Created by Serena De La Hey for entry in the Year 2000, Year of Art exhibition, he cost £15,000 to build and he symbolizes the cultural history of the area. The Somerset Levels on which he stands are basically fen land and the tradition of working with willow can be traced back to the Bronze Age. Willow is still extensively grown in the area for the purpose of wicker basket manufacture and for furniture, so the choice of material for the statue was not a haphazard one.

Being made of natural material, the project was only supposed to survive for about three years, but during the night of the May 8, 2001 vandals set light to the figure, possibly trying to emmulate the burning of the Wicker Man in the cult movie of the same name. Fortunately, despite the massive blaze, the steel frame was still structurally sound, and there was a strong determination to raise the funds to rebuild him.

In July of that year his skeleton was bedecked in an enormous pair of brightly coloured plaid trousers to launch Wrong Trousers Day - a national charity day aimed at raising money for children's hospitals. The trousers were made by a local company which specialises in making hot air balloons, they took 2 days to make and were the size of 85 pairs of normal trousers!

The rebuilding of the Wicker Man was completed in October 2001, this time with extra steel intertwined with the willow to give him more strength. There are still no fences surrounding him to keep out vandals, but he now stands in the centre of a large weedbed - hopefully the nettles and brambles will protect him for the rest of his natural life.

http://news.bbc.co.uk/hi/english/uk/newsid_1423000/1423667.stm
http://news.bbc.co.uk/hi/english/uk/newsid_1319000/1319215.stm

Ladies and Gentlemen, this review has been certified as being SPOILER FREE for your reading pleasure. Thank-you.

No, I'm sorry. I normally have a no spoiler policy, but I need to bitch about this film, and to bitch one must reveal certain things. Do not go watch this film. I took one for the team here; don't let it be in vain. Which makes the tagline of the film all the more appropriate...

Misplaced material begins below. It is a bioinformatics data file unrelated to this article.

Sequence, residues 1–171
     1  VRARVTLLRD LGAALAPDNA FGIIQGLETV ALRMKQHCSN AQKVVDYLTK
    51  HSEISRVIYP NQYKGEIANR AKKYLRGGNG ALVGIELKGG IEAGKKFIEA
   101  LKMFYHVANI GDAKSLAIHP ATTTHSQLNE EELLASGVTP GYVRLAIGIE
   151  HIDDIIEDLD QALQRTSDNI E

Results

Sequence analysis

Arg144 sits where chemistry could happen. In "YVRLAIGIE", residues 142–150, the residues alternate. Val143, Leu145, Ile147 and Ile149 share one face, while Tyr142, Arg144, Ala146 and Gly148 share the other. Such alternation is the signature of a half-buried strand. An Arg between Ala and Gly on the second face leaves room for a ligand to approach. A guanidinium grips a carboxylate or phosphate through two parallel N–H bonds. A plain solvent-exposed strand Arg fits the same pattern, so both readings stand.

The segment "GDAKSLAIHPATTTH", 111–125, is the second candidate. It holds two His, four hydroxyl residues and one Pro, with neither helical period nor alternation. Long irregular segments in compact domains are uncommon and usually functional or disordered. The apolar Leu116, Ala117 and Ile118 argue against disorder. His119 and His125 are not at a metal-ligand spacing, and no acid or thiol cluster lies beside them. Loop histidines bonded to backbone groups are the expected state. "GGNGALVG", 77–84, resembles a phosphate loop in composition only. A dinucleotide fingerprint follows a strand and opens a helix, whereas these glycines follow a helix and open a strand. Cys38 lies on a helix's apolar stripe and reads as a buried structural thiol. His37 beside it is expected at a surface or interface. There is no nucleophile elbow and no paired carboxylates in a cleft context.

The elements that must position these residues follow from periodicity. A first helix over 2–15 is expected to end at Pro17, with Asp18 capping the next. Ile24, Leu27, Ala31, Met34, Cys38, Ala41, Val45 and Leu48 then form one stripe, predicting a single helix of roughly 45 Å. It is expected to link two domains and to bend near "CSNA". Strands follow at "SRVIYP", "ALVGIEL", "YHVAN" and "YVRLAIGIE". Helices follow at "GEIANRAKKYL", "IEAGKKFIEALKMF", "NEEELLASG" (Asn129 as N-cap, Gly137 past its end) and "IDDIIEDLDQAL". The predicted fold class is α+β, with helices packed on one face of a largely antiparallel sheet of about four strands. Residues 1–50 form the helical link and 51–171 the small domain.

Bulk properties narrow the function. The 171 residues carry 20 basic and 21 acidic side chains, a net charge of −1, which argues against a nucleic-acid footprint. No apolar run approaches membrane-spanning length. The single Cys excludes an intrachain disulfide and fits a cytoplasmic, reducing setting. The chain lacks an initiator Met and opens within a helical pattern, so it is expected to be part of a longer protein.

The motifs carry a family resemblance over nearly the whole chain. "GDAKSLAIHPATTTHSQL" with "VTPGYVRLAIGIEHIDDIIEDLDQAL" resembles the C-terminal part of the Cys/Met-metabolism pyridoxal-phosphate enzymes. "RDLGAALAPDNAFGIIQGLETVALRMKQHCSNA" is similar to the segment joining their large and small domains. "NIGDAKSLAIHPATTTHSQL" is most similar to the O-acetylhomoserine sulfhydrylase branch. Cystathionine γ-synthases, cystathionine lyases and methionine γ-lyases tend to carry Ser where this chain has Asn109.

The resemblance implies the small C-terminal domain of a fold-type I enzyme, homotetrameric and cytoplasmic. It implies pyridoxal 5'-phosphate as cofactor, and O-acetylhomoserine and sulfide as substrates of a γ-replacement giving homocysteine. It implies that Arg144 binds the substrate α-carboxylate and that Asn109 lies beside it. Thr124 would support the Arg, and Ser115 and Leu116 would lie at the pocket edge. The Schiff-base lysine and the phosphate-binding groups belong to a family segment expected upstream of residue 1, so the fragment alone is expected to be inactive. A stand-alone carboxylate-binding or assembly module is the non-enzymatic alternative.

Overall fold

Some sacrifices must be made


The Wicker Man is a remake of the 1973 cult classic of the same name. It stars Nicolas Cage as the protagonist Edward Malus, a man who receives a letter from his ex-fiancée, Willow Woodward (played by Kate Beahan), begging him to come to Summers Isle to help her find her missing daughter. Now, have you already spotted something there? *Edward* Malus? Willow *Woodward*? That's right, the screenplay writer and director, Neil LaBute, named the main characters to pay homage to Edward Woodward (or Ewar Woowar as I call him due to some now-forgotten joke from my childhood*) who played the protagonist in the original film. If he were dead, he'd be turning in his grave; as it is he's probably just sitting on his Stannah Stairlift muttering various cuss words to himself under his breath. He was offered a cameo in the movie. For some reason that I can't fathom, he declined.

Summers Isle is a small, privately owned island off the coast of Washington state in the north-west Pacific. It is mostly unknown, but is in the business of producing honey for export to the mainland in order to keep themselves self-sufficient. When Malus finally manages to arrive on the island, he finds that the missing girl, Rowan Woodward (Erika-Shaye Gair), is denied to have ever existed by the residents of Summers Isle. However, the more he questions them, the more he finds to convince himself that the girl is either dead, or has been kidnapped for reasons as yet unknown.

Okay, that's the brief synopsis.

Now for the bitching.

This is a bad, bad film. It would be a bad film if it stood by itself; but standing next to the original Wicker Man, it may as well just bury itself under the M3 now and have done with it. The screenplay is the most loosely tied-up garbage that I've had the misfortune to have to endure in a long time. It makes the mistake of attempting to combine sections of the original film script with new dialogue that was necessary to cover for the major plot changes that they decided to make to bring the film 'more up to date' with today's perceived audience demographic.

Oh, god, the plot changes. I don't even know where to start.

Okay, the first really big fuck-up is the change in the society and beliefs of Summer Isle. The original was an extremely well researched portrayal of a community who have rejected the teachings of Christianity, and instead returned to the pagan beliefs and way of life that existed before monotheism took hold. The new Summers Isle is an example of feminism gone too far. The women are in charge, and the men are docile, servile mutes (referred to as 'drones') who seem to do a lot of lifting of heavy stuff. And that's it.